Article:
In the wide field of modelling, a number of land use models exist that provide consistent time series and gridded data of historic land use and/or possible pathways of future land use following projected human demands. To fulfil these demands, land use models face a number of complex challenges, such as using incomplete global datasets as the basis, deciding on a way and degree of complexity to translate socio-economic drivers or policy directions into absolute land use changes, etc.
In this study we make use of one recently developed land use model (CLUMondo) and three frequently used land use and integrated assessment models (IMAGE, MAgPIE, LUH) that provide data for in total 15 different futures of global land use. Land use scenarios follow projected developments of future human demands under a business-as-usual scenario, provide alternative pathways under different climatic developments (RCPs), or have additional demands superimposed to business-as-usual (e.g. land-based climate mitigation with BECCS or afforestation, biodiversity conservation). In a first step, we evaluate differing strategies to select multiple possible futur ... mehre human demands and to translate them into land use maps and changes over time. In a second step, we quantify and compare ecosystem service indicators (C storage, NPP, evapotranspiration, N leaching, crop yields, water supply, BVOCS) for the different land use options until 2040 that were simulated with the LPJ-GUESS global vegetation model.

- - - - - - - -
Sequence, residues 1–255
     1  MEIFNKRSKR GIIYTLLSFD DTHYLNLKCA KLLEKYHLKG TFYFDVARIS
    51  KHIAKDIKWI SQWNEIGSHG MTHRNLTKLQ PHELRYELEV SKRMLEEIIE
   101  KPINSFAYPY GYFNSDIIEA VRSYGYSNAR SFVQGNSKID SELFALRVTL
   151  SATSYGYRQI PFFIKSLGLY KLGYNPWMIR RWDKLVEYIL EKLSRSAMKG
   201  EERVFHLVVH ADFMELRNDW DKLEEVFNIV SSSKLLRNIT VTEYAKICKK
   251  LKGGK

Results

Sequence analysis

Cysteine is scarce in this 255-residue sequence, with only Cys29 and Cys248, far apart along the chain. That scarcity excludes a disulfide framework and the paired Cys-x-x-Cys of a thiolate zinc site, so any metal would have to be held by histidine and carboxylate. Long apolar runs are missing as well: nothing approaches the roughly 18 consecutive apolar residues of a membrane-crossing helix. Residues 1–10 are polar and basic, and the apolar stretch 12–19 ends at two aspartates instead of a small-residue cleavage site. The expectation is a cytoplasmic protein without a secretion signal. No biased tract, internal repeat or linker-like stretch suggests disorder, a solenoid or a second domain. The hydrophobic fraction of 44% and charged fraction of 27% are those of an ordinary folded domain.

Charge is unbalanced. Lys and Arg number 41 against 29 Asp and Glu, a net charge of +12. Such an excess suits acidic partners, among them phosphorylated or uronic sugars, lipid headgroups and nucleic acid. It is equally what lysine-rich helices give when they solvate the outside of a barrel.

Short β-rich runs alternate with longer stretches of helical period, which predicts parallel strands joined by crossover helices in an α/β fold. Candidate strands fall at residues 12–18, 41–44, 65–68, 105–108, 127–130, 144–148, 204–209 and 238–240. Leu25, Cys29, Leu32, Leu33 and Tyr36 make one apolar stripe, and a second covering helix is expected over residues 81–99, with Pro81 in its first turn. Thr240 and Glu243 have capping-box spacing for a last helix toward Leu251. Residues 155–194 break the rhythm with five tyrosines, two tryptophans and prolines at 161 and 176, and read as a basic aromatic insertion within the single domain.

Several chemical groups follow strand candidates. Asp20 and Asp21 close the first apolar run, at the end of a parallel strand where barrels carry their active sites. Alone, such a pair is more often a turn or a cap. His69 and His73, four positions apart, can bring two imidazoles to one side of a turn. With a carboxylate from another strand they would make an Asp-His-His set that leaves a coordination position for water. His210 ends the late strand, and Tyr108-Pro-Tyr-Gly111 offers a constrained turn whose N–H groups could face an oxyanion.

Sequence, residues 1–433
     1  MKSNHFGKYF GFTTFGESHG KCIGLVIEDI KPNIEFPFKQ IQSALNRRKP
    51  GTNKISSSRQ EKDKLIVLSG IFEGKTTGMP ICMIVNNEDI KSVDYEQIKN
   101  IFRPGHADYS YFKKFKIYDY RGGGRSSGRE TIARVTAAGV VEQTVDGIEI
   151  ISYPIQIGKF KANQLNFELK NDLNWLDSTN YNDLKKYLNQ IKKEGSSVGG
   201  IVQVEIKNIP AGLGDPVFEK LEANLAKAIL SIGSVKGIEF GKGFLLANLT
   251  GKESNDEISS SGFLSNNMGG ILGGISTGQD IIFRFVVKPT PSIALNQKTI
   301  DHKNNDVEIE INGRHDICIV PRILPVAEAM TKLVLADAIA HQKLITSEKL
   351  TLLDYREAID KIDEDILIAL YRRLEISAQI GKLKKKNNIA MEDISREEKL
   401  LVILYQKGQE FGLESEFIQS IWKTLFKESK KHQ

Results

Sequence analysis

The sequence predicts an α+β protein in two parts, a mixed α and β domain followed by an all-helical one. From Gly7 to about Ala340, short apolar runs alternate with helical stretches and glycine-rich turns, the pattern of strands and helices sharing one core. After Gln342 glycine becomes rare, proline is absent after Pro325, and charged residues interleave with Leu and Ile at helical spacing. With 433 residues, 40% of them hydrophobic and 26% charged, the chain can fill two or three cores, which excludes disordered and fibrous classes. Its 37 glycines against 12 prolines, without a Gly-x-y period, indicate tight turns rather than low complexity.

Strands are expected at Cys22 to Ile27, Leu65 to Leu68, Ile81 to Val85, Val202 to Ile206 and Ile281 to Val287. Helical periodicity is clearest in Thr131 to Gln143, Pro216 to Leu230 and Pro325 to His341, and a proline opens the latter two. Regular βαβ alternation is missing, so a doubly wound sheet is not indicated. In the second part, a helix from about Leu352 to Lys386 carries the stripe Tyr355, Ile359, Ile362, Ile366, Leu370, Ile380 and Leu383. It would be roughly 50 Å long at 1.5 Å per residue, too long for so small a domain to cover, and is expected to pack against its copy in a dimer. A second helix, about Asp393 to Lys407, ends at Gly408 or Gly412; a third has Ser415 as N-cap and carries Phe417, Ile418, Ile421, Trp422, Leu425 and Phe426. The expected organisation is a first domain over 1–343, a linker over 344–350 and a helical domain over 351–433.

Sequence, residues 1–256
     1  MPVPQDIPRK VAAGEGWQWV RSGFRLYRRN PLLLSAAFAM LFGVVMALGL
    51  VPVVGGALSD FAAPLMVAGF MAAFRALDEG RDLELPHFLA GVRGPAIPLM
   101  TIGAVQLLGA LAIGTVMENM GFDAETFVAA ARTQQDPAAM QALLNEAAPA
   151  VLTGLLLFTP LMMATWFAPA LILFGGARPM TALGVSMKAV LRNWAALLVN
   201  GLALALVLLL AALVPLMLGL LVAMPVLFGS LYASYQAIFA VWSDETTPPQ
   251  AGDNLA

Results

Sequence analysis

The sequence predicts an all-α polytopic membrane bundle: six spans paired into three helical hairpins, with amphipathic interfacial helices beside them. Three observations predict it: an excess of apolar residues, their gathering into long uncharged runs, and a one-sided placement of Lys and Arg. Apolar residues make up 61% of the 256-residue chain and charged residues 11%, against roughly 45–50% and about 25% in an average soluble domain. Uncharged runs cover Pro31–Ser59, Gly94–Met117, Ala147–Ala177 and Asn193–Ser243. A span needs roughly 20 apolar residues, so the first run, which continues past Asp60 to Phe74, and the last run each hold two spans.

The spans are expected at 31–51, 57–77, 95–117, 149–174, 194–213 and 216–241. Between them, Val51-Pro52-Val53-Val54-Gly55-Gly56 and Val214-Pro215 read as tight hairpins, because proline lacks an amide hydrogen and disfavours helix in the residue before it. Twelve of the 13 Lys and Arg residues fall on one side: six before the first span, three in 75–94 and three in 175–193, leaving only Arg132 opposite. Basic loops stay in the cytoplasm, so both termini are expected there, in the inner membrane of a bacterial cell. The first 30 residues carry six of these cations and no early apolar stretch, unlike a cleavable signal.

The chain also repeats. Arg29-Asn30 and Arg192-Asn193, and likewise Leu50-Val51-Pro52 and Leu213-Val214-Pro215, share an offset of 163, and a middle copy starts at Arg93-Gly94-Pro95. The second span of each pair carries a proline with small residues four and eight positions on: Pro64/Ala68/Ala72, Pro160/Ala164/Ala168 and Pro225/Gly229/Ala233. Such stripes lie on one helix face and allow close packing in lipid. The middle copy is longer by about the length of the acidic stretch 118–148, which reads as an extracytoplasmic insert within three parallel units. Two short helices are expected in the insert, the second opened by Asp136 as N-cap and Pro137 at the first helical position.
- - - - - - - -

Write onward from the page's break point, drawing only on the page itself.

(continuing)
The analysis reveals how well demands (e.g. a carbon dioxide removal target) that were initially implemented by the land use models were met under a potentially more realistic, process-based modelling approach and what the effects of these few implemented demands are on a suite of ecosystem services. This provides a valuable insight to the question whether land use models capture everything that is needed to set up realistic projections of future land use based on projected human demands.